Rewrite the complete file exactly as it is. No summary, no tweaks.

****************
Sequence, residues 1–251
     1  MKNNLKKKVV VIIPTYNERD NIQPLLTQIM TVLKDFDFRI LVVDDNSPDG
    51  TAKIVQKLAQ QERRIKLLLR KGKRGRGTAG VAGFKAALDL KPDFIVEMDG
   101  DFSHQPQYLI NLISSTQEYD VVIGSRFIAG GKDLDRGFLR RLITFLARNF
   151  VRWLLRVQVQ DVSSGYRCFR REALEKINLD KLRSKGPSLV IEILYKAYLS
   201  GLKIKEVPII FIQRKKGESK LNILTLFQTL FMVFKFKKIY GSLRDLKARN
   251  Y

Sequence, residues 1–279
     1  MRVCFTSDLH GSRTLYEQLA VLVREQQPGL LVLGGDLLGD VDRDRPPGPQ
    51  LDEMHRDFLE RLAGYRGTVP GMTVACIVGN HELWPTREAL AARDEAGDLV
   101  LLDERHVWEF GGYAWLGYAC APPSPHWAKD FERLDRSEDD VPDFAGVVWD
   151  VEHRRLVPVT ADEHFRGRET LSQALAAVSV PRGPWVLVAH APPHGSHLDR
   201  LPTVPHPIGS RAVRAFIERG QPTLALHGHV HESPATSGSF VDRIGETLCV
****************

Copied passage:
Sequence, residues 1–251
     1  MKNNLKKKVV VIIPTYNERD NIQPLLTQIM TVLKDFDFRI LVVDDNSPDG
    51  TAKIVQKLAQ QERRIKLLLR KGKRGRGTAG VAGFKAALDL KPDFIVEMDG
   101  DFSHQPQYLI NLISSTQEYD VVIGSRFIAG GKDLDRGFLR RLITFLARNF
   151  VRWLLRVQVQ DVSSGYRCFR REALEKINLD KLRSKGPSLV IEILYKAYLS
   201  GLKIKEVPII FIQRKKGESK LNILTLFQTL FMVFKFKKIY GSLRDLKARN
   251  Y

Sequence, residues 1–279
     1  MRVCFTSDLH GSRTLYEQLA VLVREQQPGL LVLGGDLLGD VDRDRPPGPQ
    51  LDEMHRDFLE RLAGYRGTVP GMTVACIVGN HELWPTREAL AARDEAGDLV
   101  LLDERHVWEF GGYAWLGYAC APPSPHWAKD FERLDRSEDD VPDFAGVVWD
   151  VEHRRLVPVT ADEHFRGRET LSQALAAVSV PRGPWVLVAH APPHGSHLDR
   201  LPTVPHPIGS RAVRAFIERG QPTLALHGHV HESPATSGSF VDRIGETLCV